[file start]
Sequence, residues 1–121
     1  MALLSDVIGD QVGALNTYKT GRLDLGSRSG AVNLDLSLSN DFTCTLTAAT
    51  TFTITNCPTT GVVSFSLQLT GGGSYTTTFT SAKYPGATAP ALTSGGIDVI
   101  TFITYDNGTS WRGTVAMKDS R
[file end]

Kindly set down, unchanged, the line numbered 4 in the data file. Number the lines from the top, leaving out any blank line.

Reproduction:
   101  TFITYDNGTS WRGTVAMKDS R